By Tim Pietz | Contributor
I am a white male. Growing up, I lived in several different states, but each place was basically a suburban white middle-class neighborhood. I was homeschooled, which, for all its benefits, limited my understanding of mainstream culture. I always knew racism was wrong. I never understood racial tensions, because I myself never knowingly met a racist.
Last year's events included my freshman year at Taylor, the continued rise of Black Lives Matter and the 2016 presidential election. This summer was Charlottesville. Over the past year, I've heard more about racial tensions than I'd ever heard before. And it was hard. It is hard.
Hearing the pain, frustration and anger of so many people and feeling that I was the object of those emotions made me experience white guilt like I'd never experienced it before. Part of me was eager to understand others, but part of me felt very hurt. I haven't done these things. Why am I being blamed for what others have done?
After these initial experiences, I've had time to think, but that doesn't mean I understand. If I say anything in this article that is naive or insensitive, forgive me. Sometimes, you have to ask some stupid questions before you find the right answer.
My question is, "how?" Knowing of the conflict, how do I live my everyday life in a way that brings racial reconciliation? I've heard chapel messages that decried racist evils, but I've heard very little that specified solutions. So many don'ts and so few do's.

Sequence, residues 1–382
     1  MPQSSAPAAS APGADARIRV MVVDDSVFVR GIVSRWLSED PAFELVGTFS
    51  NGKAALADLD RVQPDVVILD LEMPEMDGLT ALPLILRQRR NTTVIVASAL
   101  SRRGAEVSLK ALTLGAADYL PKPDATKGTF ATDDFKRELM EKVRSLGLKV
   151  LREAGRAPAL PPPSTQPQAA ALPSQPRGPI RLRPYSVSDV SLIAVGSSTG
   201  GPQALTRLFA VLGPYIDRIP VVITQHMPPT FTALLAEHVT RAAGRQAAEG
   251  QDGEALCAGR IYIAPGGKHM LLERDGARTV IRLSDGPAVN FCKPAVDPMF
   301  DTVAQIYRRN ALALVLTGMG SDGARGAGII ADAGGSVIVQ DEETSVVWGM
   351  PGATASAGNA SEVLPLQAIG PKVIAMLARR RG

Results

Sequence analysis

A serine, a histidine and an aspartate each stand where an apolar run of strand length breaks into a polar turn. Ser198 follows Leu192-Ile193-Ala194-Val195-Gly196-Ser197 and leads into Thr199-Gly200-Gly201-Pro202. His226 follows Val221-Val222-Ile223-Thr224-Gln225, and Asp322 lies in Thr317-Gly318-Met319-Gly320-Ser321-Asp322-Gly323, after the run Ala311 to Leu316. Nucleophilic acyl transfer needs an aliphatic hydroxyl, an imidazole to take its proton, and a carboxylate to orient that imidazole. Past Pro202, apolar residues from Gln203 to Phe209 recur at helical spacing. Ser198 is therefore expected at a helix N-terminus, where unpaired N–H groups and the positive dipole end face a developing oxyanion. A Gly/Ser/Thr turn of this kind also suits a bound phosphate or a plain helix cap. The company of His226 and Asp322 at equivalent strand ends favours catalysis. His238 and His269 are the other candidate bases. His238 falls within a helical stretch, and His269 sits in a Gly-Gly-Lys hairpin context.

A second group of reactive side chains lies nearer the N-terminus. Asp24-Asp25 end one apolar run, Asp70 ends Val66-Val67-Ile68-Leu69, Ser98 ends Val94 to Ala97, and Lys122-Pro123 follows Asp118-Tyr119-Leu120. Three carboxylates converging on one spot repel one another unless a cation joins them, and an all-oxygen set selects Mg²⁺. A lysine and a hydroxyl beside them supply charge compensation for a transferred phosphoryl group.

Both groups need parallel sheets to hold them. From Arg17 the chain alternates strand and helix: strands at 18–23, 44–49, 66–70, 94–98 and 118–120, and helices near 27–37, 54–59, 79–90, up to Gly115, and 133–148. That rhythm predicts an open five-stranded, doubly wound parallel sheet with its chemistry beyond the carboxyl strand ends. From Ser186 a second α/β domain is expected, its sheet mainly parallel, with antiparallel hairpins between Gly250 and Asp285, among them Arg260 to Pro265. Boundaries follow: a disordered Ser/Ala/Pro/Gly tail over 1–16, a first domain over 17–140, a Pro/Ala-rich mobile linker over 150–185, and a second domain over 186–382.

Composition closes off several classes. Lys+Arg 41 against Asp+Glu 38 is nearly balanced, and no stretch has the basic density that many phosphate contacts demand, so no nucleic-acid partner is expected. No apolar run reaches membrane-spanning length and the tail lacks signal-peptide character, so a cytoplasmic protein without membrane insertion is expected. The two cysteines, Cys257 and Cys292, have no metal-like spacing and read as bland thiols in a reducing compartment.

It's like having a wound with a dirty old bandage. We need to go through the pain and ugliness of removing the old before we replace it with the new. It just feels like the old bandage has never been replaced, and all we're doing is staring at the wound.
What should I be doing to heal it? I don't know.
I feel powerless. Do black people want me as a friend? Why do all the black people sit together? I cannot join. I am not one of them.
I'm learning that black people have a separate subculture and a distinct identity. They have a pride in their heritage and their culture they do not want to give up. Is that why they hold back?
I've been naive, honestly. I thought we were in a melting pot, but we're more like a tossed salad. Still, whether we're a melting pot or a salad, shouldn't we ingredients work together?
Are we not united in Christ? Can't we come together and learn to love each other, just as Jews and Gentiles did in the early church? There were wounds there too.
What should we do with our wound? White people may be cautious about removing the old bandage, but we shouldn't ignore the wound, leaving it to fester. Black people may be eager to remove the old bandage, but we shouldn't prod the wound, deepening its scar. It's hard to apologize for something so immense. It's hard to forgive something that will never be forgotten. Somehow, we must.
How can we heal? The only answer I know is to ask more questions.